History of EAA’s Travel Air E-4000 (NC648H)
EAA’s Travel Air E-4000 was among the last airplanes built by the Travel Air Company. It bore serial number 1224 and was powered by the popular Wright J-6-5 engine with 165 hp. Robert F. Shank, operator of Hoosier Airport in Indianapolis, Indiana, purchased the plane at the Wichita factory on July 30, 1929. Shank held Commercial Pilot license number 1448 and A&E Mechanic license 2394. The plane would stay in the Shank family for more than 30 years.
The first flight of our Travel Air was its delivery from Wichita to Indianapolis, taking almost eight flying hours. Early engine problems required installation of a heavier case after two months of use. By the end of 1929, the Travel Air had flown 71 hours. The engine case was replaced again in 1930 and the plane was flown another 133 hours.
In June of 1931 the Travel Air was turned on its back in Wolcott, Indiana, requiring replacement of the propeller blades and repair of the wing struts, rudder, fin, and fuselage. The plane was quickly repaired and put back in operation. Chilly Indiana winters and the lack of a starter didn’t prevent the open-cockpit plane from being flown every month in its first three years of operation.
Details of the plane’s early uses are sketchy, but carrying passengers appears to have been its primary role. It was also used for flight instruction and the plane was a familiar sight at air shows and fly-ins in northern Indiana.
In 1940 the plane was sold to Muncie Aviation, but was bought back about a year later by the Shank family at Hoosier Airport. World War II stopped most US civil aviation, but this Travel Air was used extensively in the Civilian Pilot Training program for cross-country navigation training. The plane was flown almost daily in the summers of 1943 and 1944. That heavy use took a toll on the airplane and in November of 1944, Robert Shank dismantled the plane and removed it from service.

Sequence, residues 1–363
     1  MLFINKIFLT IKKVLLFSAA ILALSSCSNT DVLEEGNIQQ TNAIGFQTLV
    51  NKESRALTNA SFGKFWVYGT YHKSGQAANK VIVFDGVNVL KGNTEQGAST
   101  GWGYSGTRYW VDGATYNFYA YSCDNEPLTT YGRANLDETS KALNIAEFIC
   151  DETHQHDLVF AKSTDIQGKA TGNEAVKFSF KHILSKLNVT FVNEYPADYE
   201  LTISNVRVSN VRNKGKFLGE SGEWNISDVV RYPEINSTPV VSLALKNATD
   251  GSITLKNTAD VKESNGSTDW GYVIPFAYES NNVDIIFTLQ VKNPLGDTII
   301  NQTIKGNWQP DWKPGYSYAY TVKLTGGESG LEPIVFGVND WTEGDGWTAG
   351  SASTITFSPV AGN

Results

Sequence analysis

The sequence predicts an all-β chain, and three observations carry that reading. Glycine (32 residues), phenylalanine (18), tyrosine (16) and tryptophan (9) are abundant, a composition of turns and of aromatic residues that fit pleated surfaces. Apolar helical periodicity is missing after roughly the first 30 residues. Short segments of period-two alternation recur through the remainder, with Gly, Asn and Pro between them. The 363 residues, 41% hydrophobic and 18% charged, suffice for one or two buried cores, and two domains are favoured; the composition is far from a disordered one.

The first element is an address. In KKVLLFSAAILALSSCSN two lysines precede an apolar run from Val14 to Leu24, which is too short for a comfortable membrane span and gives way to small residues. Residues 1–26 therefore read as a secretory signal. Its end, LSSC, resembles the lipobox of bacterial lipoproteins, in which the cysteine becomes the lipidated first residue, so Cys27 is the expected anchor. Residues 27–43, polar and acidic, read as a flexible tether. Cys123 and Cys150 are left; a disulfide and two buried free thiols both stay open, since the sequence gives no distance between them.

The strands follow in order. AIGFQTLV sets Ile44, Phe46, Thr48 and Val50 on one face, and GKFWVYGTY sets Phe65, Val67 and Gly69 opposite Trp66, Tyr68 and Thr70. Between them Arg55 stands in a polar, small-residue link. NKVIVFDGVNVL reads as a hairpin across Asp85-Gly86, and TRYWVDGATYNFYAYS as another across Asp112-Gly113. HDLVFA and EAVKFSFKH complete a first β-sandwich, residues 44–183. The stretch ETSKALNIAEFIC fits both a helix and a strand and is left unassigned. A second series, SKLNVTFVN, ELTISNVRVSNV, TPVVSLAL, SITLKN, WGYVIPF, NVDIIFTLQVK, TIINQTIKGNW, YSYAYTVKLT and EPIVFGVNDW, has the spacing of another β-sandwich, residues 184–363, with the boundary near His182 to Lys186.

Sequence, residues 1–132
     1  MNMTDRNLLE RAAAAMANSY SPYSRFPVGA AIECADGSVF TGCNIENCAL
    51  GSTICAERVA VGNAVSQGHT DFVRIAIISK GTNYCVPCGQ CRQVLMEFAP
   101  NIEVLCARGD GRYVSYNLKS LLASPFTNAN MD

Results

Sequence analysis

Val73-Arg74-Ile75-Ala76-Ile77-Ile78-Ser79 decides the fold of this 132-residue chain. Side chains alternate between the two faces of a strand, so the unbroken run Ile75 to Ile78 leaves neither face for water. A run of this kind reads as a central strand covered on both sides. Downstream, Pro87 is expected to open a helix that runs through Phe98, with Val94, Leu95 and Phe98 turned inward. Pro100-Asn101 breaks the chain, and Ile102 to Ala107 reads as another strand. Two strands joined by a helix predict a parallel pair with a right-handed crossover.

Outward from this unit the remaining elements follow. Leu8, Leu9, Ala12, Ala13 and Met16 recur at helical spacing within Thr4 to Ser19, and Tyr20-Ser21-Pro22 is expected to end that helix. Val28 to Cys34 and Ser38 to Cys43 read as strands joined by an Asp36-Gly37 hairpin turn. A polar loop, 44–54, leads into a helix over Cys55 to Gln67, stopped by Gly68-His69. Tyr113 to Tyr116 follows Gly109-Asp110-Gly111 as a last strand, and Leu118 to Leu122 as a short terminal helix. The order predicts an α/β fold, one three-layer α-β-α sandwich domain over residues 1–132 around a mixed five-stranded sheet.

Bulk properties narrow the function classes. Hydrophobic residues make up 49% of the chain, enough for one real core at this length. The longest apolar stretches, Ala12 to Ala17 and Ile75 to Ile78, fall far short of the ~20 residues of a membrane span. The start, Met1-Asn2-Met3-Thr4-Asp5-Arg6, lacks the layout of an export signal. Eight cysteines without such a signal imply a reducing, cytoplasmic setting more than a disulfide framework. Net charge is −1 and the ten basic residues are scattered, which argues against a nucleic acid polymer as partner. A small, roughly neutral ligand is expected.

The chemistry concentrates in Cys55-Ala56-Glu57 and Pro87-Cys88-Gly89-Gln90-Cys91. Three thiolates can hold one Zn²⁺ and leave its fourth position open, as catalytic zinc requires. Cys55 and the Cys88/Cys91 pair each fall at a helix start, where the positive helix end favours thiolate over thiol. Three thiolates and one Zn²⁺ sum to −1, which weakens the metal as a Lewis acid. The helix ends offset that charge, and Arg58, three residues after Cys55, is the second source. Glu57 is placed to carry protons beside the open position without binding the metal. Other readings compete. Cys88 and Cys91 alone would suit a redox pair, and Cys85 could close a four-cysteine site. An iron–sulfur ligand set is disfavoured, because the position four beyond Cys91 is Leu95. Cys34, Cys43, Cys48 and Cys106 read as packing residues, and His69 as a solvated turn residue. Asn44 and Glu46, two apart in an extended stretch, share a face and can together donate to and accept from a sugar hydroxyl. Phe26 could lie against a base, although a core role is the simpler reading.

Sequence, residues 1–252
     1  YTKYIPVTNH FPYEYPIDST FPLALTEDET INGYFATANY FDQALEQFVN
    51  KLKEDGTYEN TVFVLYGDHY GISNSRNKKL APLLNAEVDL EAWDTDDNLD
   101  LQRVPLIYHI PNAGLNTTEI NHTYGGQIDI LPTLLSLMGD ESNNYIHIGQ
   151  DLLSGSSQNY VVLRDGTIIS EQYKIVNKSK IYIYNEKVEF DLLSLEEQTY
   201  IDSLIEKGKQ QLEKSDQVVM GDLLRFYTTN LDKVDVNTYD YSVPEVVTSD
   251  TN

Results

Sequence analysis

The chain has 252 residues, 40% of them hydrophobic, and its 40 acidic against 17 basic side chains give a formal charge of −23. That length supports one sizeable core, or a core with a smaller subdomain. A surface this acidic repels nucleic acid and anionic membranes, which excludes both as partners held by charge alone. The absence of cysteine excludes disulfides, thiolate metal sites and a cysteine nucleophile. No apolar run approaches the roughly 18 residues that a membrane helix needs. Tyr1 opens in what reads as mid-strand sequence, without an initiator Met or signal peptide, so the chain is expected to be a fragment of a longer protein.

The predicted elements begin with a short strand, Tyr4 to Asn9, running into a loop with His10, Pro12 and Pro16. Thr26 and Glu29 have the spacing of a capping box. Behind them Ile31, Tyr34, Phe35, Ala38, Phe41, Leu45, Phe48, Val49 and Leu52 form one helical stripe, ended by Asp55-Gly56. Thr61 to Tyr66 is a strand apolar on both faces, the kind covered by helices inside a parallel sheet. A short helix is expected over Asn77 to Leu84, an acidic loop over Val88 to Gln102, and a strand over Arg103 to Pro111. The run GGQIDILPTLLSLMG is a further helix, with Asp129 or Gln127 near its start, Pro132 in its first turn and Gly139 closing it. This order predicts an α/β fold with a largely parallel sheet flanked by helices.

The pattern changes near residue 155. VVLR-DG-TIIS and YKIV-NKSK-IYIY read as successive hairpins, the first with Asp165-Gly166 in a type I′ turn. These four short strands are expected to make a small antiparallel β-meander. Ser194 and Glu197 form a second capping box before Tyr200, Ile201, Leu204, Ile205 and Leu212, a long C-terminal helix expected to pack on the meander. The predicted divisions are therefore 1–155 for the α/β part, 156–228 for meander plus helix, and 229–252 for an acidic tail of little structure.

In 1957, ownership of the plane was transferred from Robert Shank to his son, William, then operating as Shank Aviation. The plane was extensively rebuilt and a top overhaul performed on the engine. New Grade A fabric covering was painted a dark green. The Indianapolis airport was now renamed Bob Shank Airport. Over the next two years, the plane flew about another 60 hours. In 1959 William Shank sold the plane to Edward N. Wolf, also of Indianapolis. Little flight time was logged by Mr. Wolf who sold the plane to Florida Airmotive Sales after about two years. In September 1961, the plane was flown on a twelve-hour, two day, four-stop trip to Ft. Lauderdale, Florida. Three months later, the plane was purchased by LeRoy and Wanda Brown of Miami. Mr. And Mrs. Brown flew the Travel Air only eight hours in the next three years and then sold it to John Chesney, also of Miami. Under Mr. Chesney’s ownership, an engine failure occurred in April of 1967. Some time later the plane was disassembled. In December of 1969, Mr. Chesney donated the airplane to EAA. New fabric was put on some parts of the plane in 1970 and then the disassembled plane and two engines were shipped to the EAA Museum in Burlington, WI.
In 1977 the plane was assembled and recovered by the EAA Museum staff and volunteers. The fuselage was painted Tennessee Red and the wings painted Diana Cream. Gene Chase, who was then director of the museum, made the test flights that resulted in some rigging adjustments. After about six hours of flight time, the aircraft was put on display in the museum.
In the early 1990’s, a dedicated group of EAA employees and volunteers, including Gene Chase and Jim Barton, undertook a major restoration of the plane. It was completely disassembled and the Wright engine was replaced with a Continental 220. The plane was then recovered using the Stits fabric process. A paint scheme of Lemon Yellow wings and Travel Air Blue fuselage was applied and many improvements, including a banner tow hook were added to the plane. The aircraft was placed on active flying status at the Pioneer Airport which is part of the EAA AirVenture Museum experience. This fine example of an open-cockpit biplane from the Golden Age of aviation provides museum visitors with a trip back in time to that wonderful era.